Here we have a man so tied down by social convention that even though he thinks he is about to be killed, he insists on making sure his guests are all comfortable. Must be British. He also doesn’t know who the killer is, and obviously the reader won’t either.

This brings us to:

The ‘oh bugger none of this makes any sense’ stage

By now I have what I consider to be a reasonably solid premise for a story. I think I’ll enjoy writing it, and there’s loads of potential for good description and dialogue and hopefully a rollicking plot as well. Trouble is, the pieces don’t fit together. This is a stage I hit with pretty much every story, and I don’t always solve the problems as well as I’d like, which is why the ending of Stop the Press isn’t great, for instance.

The main problem in this case, is Why? Why does she want to kill him? But also: how can I possibly justify her decision to kill him? How does he know about it? And does he escape?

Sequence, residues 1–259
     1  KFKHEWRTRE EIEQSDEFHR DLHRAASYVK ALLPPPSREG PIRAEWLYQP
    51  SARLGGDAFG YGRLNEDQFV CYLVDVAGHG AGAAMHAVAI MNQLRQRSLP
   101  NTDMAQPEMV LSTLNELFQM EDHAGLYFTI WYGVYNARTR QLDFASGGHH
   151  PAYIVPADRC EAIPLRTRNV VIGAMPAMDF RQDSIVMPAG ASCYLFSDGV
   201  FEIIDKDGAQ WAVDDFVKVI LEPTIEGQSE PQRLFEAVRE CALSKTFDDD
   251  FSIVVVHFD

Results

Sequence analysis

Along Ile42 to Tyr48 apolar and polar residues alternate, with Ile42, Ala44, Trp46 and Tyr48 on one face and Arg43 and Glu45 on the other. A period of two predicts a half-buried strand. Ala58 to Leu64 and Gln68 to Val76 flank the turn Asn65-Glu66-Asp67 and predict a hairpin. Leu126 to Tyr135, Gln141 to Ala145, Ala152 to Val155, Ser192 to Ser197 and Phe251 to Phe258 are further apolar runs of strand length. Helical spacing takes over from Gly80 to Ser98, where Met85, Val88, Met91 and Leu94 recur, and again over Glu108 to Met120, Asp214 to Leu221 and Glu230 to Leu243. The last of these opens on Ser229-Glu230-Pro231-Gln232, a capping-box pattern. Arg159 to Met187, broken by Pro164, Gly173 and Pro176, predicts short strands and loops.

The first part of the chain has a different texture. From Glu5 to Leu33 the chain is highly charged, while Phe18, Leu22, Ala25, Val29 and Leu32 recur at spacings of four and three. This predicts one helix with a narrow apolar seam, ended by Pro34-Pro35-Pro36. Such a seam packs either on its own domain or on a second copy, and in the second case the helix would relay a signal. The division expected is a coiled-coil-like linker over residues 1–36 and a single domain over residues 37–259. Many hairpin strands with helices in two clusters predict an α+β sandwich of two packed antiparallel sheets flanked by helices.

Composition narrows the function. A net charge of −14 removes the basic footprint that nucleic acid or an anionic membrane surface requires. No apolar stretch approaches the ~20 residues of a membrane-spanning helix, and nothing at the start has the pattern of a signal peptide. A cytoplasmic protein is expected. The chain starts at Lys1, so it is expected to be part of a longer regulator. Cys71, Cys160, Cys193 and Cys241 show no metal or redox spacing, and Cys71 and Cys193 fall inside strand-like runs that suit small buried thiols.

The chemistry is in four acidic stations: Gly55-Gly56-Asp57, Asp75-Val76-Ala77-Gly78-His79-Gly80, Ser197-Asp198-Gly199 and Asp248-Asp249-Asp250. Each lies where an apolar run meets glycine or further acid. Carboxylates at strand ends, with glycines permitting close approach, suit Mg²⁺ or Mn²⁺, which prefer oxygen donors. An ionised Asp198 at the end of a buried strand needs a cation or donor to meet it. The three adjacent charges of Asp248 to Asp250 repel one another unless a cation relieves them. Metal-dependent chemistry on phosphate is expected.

The last question is relatively unimportant. The story is about the chase, not the kill. But the why and the how are important, because my killer is not a drone, nor is she so unquestionably in a hero vs villain situation (i.e. James Bond) that she can kill without further justification. I want this to remain in a moral grey area – all of the interest is immediately bled out of the piece if I just take the easy route and make the target an arms dealer or puppy murderer. But thinking of a good justification for killing is tricky, which may be why so many stories just ignore the problem.

Completion, or scrappage

Normally when I am stuck at this stage I will just start work on the bits I know I want to include and then see how they fit together. Often as characters interact with one another you get a better feel for how they respond to certain situations, and that makes it easier to set up a situation that will provoke an interesting response.